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Hedges - Planting Single or Double Row Hedge

How to plant a hedge



Planting and caring for a new hedge does take a few steps of good preparation.  It is similar planting a new tree or shrub.  Good soil preparation beforehand will make sure that your hedge will have the best start in life.Hedges can be formed of a single row of plants or a double staggered row. Many of the hawthorn enclosure hedges are planted as a single row and have proved their value. However hedge layers tend to prefer double row hedges to provide adequate protection. Double row hedges are more likely to be stock proof and provide more shelter than a single row although for an established hedge, the management regime is a more important factor that the original planting pattern. Wider hedges are of higher wildlife value because of the extra habitat they provide. 

Prepare the ground (area) by removing all weeds.  Make sure that the area for planting is free draining as waterlogging will cause a problem with the plants. The use of a herbicide (weed killer) works well, but if this is used than wait a week or so before planting.  Remove all the weeds, even if dead from the area.  Prepare the planting area by digging over a strip of about 2-3ft wide and about one spit (or spade blade) deep.


The recommended spacing for both single and double row single species stock proof hedging is dependent on the need for the hedging. Close spacing Is needed for single row planting so if any plants fail, adjacent plants will quickly grow to fill the gap.

For hedges that are to be laid in single row, the distance between the rows should be no more than 15'' (40cm) for single row planting. Recommended number of plants for single row hedge planting is about 3 per metre. Single row hedge planting is usually for areas that have limited space.  Planting your hedging plants in a double staggered row, or the shape of a W will give you a denser hedge when mature. Hedge plants should be about 18" (45cm) apart with the recommended number of plants about 5-7 per metre if bare root, or 4-5 if container grown.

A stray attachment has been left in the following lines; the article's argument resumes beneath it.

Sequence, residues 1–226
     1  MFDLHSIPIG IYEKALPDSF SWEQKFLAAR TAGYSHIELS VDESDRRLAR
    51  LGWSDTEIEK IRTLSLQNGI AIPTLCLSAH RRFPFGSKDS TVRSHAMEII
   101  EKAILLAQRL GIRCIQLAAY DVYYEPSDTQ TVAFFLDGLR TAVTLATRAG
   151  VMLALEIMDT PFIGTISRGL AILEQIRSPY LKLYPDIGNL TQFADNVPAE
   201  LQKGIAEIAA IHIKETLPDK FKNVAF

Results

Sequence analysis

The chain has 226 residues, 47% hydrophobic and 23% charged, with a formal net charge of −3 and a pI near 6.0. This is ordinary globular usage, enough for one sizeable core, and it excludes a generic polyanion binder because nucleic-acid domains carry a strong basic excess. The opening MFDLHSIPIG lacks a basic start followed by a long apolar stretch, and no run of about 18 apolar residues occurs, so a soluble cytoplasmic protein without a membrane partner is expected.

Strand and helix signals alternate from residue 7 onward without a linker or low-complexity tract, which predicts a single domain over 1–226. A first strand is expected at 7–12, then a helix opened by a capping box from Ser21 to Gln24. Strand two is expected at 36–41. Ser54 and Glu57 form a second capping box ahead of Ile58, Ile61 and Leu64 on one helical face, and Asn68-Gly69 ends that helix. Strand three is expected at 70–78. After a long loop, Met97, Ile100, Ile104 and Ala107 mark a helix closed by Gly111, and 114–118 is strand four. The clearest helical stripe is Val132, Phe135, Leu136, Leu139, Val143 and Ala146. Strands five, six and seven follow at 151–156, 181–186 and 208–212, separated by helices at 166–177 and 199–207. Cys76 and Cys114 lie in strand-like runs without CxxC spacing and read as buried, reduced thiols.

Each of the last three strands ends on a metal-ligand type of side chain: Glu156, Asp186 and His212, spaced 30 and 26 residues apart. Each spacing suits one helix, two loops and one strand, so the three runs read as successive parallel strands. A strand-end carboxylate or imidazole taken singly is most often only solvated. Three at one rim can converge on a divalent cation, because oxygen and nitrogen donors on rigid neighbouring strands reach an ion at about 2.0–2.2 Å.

​Mix some good garden compost or a good tree and shrub mix into the planting area, mixing well especially into the top 10inches of soil with a fork – good time to rake in a good fertiliser and we recommend rootgrow (follow instructions on package).  If the soil tends to be waterlogged, a ridge can be formed to plant the new hedge.

For a more detailed guide on bareroot planting, trees, and shrubs here is our guide see our Bareroot Tree and Planting Guide


Continuing Care

  • Make sure that plants are well watered during all dry spells for the next two years
  • Keep the hedge and 18 inches on each side free of weeds
  • Reapply mulch as necessary and fertilise as needed, but do not over feed.

​Information is a guide only